Paul Batura: What is heroism and who is a hero?

Since 1948, the Gallup organization has published its yearly poll of the world’s most admired men and women.

In the male category, this past year’s offering produced a tie between Presidents Trump and Obama — a stark reminder that a wide swath of the populace can look at the very same people and draw very different conclusions.

Michelle Obama edged out First Lady Melania Trump for the women’s top honor.

TRUMP, OBAMA TIED AS 'MOST ADMIRED MAN' FOR FIRST TIME: POLL

Admiration is a subjective thing, of course. Rooted in the emotional side of our brain, one person's pain can be another person’s pleasure. You might consider the qualities that I deem admirable to be inconsequential or even counterproductive and vice versa.

Etymologically speaking, the word “hero” means “protector” or “defender,” and so “heroes” are traditionally considered to hail from positions of strength — presidents, soldiers and in everyday life, first-responders — those who risk their lives to protect ours.

In more recent times, sports figures, entertainers and celebrities of various stripes are often assigned heroic status. In fact, whenever they “fall” from their pedestals for any number of reasons, we often lament their dwindling numbers. What we’re mostly mourning, I think, are people our children can look up to — as well as figures we can aspire to emulate ourselves.

The truth of the matter, though, is that I think there are probably almost as many heroes out there as ever before — it’s just that we’re either valuing the wrong attributes in a person or we’re looking for them in all the wrong places.

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As a young boy, I had a bulletin board in my bedroom plastered with sports clippings from the local newspapers and magazines. My childhood scrapbook was likewise filled with highlights from World Series and Stanley Cup championships.

Looking back, I had a pretty low bar for earning my affection. New York Mets relief pitcher Neil Allen became a hero of mine in the early 1980s when he signed a scorebook for me along the first base line at Shea Stadium.

I met retired shortstop Bud Harrelson at a baseball dinner at Baldwin’s (N.Y.) Coral House. I’ve had a warm spot for the scrappy baller ever since. In our backyard, I used to pretend I was Reggie Jackson, dropping my bat after another well-timed October home run.

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But as I matured and began to develop a better appreciation for what I thought really mattered, my attention turned away from sports stars and instead to people involved in pursuits and industries that I began falling in love with, specifically politics, radio and even old stars of the silver screen.

In high school, I wrote down the names of the three people I really wanted to meet before I died – Ronald Reagan, Paul Harvey and Jimmy Stewart. I was eventually able to meet Reagan and Harvey, but not the lanky native of Indiana, Pa. All three men are long gone but remain high on my list of people I admire.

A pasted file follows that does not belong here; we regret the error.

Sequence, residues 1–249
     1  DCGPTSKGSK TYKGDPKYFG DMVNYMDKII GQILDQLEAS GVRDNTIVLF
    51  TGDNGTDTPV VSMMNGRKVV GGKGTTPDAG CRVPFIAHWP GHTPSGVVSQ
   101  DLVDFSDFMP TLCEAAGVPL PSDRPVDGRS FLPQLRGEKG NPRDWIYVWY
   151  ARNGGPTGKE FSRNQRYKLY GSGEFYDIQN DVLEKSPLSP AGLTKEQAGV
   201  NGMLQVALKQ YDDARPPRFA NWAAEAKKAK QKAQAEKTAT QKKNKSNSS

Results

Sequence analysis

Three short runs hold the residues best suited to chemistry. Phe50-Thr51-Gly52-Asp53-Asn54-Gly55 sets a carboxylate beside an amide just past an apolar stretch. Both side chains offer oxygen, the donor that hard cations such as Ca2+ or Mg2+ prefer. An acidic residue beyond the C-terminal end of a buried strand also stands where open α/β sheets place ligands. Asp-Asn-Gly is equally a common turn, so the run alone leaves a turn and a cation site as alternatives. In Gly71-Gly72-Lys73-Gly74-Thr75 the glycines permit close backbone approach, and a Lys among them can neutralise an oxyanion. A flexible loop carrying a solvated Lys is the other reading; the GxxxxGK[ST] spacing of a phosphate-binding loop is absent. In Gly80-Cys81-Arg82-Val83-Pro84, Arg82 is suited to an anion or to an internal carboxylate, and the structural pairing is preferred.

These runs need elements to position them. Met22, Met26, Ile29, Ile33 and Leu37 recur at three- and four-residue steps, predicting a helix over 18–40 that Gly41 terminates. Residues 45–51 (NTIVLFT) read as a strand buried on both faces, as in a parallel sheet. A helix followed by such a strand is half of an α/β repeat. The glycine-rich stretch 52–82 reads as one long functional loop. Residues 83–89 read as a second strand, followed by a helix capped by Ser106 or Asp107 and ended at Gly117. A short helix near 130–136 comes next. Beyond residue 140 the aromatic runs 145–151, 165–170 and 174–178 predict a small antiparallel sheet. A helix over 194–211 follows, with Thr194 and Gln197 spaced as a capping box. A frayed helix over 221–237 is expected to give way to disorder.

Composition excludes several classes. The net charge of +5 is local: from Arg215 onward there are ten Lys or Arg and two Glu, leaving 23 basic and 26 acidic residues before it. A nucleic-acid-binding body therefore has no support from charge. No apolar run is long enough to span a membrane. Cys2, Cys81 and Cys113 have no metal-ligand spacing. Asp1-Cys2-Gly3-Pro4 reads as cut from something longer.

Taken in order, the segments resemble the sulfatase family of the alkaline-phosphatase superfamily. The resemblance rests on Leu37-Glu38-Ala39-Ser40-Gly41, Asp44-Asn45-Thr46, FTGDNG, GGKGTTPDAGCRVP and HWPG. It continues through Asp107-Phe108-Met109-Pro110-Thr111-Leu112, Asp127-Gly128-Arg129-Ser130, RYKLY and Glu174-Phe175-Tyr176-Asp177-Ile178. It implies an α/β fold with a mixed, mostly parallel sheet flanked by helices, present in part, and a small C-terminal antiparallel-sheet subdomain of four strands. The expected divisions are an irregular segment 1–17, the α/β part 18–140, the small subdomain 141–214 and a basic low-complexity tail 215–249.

Yet in recent years, as I approach midlife and beyond, my assessment of true heroism has shifted yet again.

Heroes come in all shapes and sizes, and in a world that often ascribes status to the rich and the powerful, I have come to believe that true greatness is often quiet and even unassuming.

Heroism is standing up and speaking out when the cultural elites try to bully you into sitting down and staying silent.

It’s a husband and wife remaining faithful to one another for a lifetime. It’s caring for a spouse with Alzheimer’s, a child with Down syndrome or a parent in the sunset of their life.

It’s a mother and father sacrificing for their children, forsaking personal luxuries in lieu of small shoes and expensive school supplies.

It’s the single mom working multiple jobs or the woman, unable to parent, making an adoption plan for her child.

Heroes are pastors in the pulpits on Sunday mornings, proclaiming increasingly unpopular truths — and hours later sitting with a grieving family whose whole lives have been shattered by an incalculable loss.

They’re nurses and medical personnel patiently treating the sick, teachers helping a dyslexic child to read and volunteers at the soup kitchen or parents serving on the local PTA board.

At my church, I know women who knit blankets for babies they’ll never know and who bake cookies and bread for families they’ll never meet.

Heroes don’t always make a million dollars — but they always make a difference in the life of somebody else.

With the Senate impeachment trial beginning, and the presidential election well underway, you can be sure the rancor and the rhetoric are going to rise exponentially in the coming months of 2020.

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To paraphrase the old saying, “We ain’t seen nothing yet.”

Through it all, take a big, deep breath and look for the heroes, many of whom won’t be in the headlines but instead in your own homes and neighborhoods.

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